• To me, the really terrible thing about this is the suggestion that corporal punishment is okay if the child is older than 3. In fact, the ONLY time corporal punishment is at all effective is when a child is too young to understand reasoning and language -- and even then it should be accompanied by a talk for those who choose to use it. Corporal punishment is not something I would use on a child of mine, but it is highly effective for things like "don't touch the stove" and "don't run in front of cars" -- sometimes little kids truly don't understand dangers at that age, and a swat on the behind (not a whipping or beating, obviously) is considerably better than serious injury or trauma. Past age 3 or 4, though, there is ZERO reason to spank. None. It's ineffective in stopping behaviors but very effective at creating traumatized children. This law has it all backward. I agree children should never be spanked with an "implement" (particularly because some pretty innocent-looking implements can be the most excruciatingly painful), but a swat on the rear to reinforce the notion of a greater danger is not always bad, or even always avoidable. What would you suggest doing if your 2 year old had a habit of running out into the street (as I actually had at that age)? I scared my parents nearly to death by escaping "kid leashes" and their hand-holding multiple times. None of the talks they gave worked, and I was otherwise a bright toddler. One spanking later, though, and I didn't ever do it again.
  • Oh, also, I have seen a good friend (otherwise not at ALL into corporal punishment for her child) whose kid was biting people. A lot of people. Talking didn't work. Nothing did. So she bit her. Problem solved. I thought initially that this was terrible, but upon reflection, it worked -- kids at that age have very little, if any, empathy. Until the mom bit the kid, the idea of "holy crap, that's not very nice" just couldn't cement in her very young brain.
  • Allow me also to add that, as kids get older, corporal punishment becomes less and less effective in comparison to reward/approval/privilege motivations. And it's worth mentioning that, especially for young children, a punishment delayed is practically useless. The discomfort of the punishment needs to come right on the heels of the transgression, or they won't understand that the two are connected, and the learning is lost.
  • spanking should stay where it belongs- between two consenting adults in the bedroom.
  • I say whup their butts...(at least the little fuckers that deserve it!) (and yeah i was whupped - and i turned out ok...)
  • If corporal punishment is how children learn violence, That seems a bit far-fetched and simplistic. I would say, thought, that it teaches children that violence is the best way to solve your problems with others, and that picking on those smaller than you is OK.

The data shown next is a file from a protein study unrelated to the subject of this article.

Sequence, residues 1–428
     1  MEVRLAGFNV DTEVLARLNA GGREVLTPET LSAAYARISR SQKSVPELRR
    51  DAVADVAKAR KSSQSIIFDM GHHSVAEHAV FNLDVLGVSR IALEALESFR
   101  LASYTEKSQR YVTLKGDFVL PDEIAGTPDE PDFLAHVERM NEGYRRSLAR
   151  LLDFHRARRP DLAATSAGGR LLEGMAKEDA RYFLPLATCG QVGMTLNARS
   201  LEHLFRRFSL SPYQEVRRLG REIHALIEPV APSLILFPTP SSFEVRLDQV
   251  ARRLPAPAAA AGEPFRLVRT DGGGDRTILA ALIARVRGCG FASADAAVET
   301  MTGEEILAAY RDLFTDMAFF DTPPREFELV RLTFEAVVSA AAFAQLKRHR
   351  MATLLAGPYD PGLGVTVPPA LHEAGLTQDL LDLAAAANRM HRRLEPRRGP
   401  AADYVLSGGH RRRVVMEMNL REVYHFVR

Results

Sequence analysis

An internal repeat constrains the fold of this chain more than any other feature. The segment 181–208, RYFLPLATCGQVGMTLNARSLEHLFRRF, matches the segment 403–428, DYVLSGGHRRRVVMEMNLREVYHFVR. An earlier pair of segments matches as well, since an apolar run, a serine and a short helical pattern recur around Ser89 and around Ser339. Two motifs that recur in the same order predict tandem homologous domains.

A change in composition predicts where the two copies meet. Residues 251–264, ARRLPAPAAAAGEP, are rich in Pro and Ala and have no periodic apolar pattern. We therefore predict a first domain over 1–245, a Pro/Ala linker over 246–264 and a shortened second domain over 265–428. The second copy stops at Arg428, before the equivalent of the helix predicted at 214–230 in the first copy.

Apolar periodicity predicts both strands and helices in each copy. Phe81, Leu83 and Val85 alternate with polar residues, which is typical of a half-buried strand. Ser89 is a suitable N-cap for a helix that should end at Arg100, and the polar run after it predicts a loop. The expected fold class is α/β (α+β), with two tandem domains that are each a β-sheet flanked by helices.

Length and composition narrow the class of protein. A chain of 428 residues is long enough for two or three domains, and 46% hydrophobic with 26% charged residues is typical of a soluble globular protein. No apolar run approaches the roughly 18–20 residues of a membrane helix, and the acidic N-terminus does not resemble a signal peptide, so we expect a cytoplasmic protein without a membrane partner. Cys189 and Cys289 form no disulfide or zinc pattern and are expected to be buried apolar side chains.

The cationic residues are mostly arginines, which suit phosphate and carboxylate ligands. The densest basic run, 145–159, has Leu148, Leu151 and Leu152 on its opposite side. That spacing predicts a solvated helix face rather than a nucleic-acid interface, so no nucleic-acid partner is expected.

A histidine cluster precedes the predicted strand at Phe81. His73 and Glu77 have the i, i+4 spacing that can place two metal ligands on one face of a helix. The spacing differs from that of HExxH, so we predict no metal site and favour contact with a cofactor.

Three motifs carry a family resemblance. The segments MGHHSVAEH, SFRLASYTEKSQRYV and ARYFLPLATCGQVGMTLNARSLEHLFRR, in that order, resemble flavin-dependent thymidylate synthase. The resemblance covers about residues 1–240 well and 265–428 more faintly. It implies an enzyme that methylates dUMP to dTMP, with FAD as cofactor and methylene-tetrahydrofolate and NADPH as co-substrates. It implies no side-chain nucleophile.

• I got spanked a lot as a kid, and as a result resolved never to treat my own sprog that way. One time, though, when said sprog was two or three and being an absolute horror at someone else's house during a vacation, I administered a single angry whack to the butt. The sprog was *shocked*, and I was filled with sickened guilt, and never did it again. I still feel guilt. Lucky for me, the sprog is now almost 16 and a very nice person indeed, due to genetics rather than the whack, no doubt. Heh.
  • I very rarely got spanked as a kid, and we very rarely have spanked with children. I think I can count on one hand how many times either of the kids have been spanked. That being said, the question between me and Mrs. C. has always been whether we were spanking them (or tweaking their nose, which is very effective to get their attention when they're doing something wrong but minimally painful) in order to reinforce a lesson or point or because we were mad. If the answer is the latter, we fall on the side of other punishments.
  • I don't really think mine is going to need it until she's fourteen or so*. * I am not sure I am looking forward to this bit.
  • I don't really think mine is going to need it until she's fourteen or so. Ha! That innocence that our three year old had heretofore exhibited, largely dissipated at around 2 and 1/2. She's still innocent in the general sense that young children are but she also will do things deliberately that she knows that are "bad". We haven't spanked her, as noted above, but that's not saying we didn't want to from time to time! Actually timeouts have been reasonably effective. She can't stand the thought that we're mad at her for more than about 30 seconds or so and she usually breaks down into tearful and apparently sincere apologies almost immediately. We ask her to explain why she was given the timeout so that we're sure that she understands the connection between her offense and the punishment and she invariably understands perfectly well. I'm not sure exactly what we'll do when she's older, as timeouts are reputed to be effective only till they're about 4 or so. Privilege deprivation is the most likely candidate. BTW Wolof, in Oz do they also prohibit CP for adopted kids?